A Dictionary of the English Language
                        A Digital Edition of the 1755 Classic by Samuel Johnson
        Search Transcribed Entries:

Advenient

View Scan · View Transcription · from page 87

View Scan · View Transcription · from page 87

Adve'nient. adj. [adveniens, Lat.]

Advening; coming from outward causes; superadded.

If to suppose the soul a distinct substance from the body, and extrinsically advenient, be a great error in philosophy, almost all the world hath hitherto been mistaken. Glanville's Vanity of Dogmatism.

Being thus divided from truth in themselves, they are yet farther removed by advenient deception; for they are daily mocked into error by subtler devisers. Brown's Vulg. Errours.

Sources: Browne, Thomas (204) · Glanvill, Joseph (53)

Attributes: Adjective (426) · Latin (690)

Search for this word in: American Heritage · Cambridge · Dictionary.com · The Free Dictionary · Longman · Merriam-Webster · OneLook · Oxford Dictionaries · Vocabulary.com · Wiktionary · Wordnik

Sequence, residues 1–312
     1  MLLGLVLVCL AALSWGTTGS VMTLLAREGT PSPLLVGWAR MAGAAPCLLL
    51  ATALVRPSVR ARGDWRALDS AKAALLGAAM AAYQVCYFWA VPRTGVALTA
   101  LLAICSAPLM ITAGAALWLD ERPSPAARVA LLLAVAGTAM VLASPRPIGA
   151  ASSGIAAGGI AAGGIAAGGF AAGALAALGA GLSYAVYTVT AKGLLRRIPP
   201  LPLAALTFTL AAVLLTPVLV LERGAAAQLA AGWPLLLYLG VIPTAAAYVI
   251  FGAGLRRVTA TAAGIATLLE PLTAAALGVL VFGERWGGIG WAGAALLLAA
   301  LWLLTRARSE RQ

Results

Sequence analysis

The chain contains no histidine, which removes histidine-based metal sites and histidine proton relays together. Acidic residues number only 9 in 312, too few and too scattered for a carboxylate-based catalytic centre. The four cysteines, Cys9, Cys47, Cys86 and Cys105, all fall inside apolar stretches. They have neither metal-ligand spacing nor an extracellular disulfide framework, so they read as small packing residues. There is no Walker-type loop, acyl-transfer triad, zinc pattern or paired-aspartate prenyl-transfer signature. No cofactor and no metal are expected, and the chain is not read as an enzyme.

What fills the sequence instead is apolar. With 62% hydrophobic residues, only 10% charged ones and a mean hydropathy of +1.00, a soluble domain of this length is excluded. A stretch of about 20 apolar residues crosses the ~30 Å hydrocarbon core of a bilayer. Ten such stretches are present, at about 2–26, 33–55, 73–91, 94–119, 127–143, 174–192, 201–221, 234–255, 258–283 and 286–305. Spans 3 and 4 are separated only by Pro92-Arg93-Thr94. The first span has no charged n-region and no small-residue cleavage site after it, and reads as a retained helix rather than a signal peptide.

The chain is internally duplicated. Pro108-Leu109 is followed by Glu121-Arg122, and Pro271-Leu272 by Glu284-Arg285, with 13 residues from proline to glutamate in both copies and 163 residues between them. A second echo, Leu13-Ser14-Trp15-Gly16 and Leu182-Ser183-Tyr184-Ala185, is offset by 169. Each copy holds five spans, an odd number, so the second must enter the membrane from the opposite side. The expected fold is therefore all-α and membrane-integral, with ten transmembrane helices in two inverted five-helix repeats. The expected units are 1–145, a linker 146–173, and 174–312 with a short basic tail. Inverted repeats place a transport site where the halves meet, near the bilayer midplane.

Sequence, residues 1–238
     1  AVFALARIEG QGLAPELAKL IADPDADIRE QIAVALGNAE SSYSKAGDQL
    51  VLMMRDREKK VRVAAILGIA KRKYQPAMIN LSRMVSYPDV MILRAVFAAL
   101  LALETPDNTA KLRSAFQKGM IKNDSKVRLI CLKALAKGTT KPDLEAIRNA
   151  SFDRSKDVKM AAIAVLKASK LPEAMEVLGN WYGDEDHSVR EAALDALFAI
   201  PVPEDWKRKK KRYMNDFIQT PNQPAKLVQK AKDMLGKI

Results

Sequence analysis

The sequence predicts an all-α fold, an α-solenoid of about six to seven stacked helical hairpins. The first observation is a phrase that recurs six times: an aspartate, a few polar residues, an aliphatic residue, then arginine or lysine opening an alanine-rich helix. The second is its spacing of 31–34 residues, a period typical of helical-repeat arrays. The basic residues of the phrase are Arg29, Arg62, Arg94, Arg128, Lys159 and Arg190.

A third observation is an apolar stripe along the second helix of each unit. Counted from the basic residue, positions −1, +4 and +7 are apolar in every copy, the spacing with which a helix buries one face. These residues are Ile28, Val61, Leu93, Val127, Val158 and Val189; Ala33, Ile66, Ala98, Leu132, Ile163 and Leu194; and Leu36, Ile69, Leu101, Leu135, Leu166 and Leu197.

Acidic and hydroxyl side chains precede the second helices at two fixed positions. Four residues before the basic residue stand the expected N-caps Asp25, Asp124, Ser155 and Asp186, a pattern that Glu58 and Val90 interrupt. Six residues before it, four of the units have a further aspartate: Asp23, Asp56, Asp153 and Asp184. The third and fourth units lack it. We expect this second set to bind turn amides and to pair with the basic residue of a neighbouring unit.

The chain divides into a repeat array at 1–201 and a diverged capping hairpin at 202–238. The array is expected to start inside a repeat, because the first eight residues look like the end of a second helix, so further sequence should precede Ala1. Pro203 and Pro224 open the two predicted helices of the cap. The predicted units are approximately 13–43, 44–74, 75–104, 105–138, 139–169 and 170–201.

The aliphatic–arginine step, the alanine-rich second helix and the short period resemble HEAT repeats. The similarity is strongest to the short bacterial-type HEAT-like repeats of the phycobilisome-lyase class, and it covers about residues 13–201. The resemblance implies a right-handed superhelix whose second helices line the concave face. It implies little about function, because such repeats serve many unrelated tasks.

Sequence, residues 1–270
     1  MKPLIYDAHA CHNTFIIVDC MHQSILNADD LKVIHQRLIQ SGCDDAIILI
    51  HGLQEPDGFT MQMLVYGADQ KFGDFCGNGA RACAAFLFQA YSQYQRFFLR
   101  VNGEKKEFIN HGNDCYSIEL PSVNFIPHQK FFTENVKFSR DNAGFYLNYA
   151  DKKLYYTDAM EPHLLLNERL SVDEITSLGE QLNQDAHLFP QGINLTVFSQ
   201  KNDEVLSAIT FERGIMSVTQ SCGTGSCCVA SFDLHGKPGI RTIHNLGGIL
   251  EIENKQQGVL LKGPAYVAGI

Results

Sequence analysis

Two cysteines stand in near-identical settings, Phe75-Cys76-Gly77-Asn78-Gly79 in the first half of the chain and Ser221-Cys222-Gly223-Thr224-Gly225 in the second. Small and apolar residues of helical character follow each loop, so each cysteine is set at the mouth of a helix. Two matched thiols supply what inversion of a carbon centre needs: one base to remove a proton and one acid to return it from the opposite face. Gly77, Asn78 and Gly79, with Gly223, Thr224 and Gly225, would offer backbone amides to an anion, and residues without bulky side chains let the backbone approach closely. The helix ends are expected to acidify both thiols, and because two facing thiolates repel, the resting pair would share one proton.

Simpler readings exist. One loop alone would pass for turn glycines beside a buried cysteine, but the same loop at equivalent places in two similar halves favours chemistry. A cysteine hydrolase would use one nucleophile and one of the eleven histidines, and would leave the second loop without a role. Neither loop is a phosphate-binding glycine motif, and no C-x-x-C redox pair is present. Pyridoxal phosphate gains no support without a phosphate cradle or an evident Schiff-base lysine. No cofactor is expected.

Discuss this entry in the forums.

Cite this page: Johnson, Samuel. "Advenient." A Dictionary of the English Language: A Digital Edition of the 1755 Classic by Samuel Johnson. Edited by Brandi Besalke. Last modified: April 21, 2014. http://johnsonsdictionaryonline.com/?p=14391.


Leave a Reply


Disclaimer:
johnsonsdictionaryonline.com is completely free to use. Johnson's dictionary is in the public domain, but please respect the hours of work put into this site by linking to it or crediting it. This site assumes no liability for its content or for the content of external sites linked to it, and has no warranty or guarantee concerning accuracy or availability.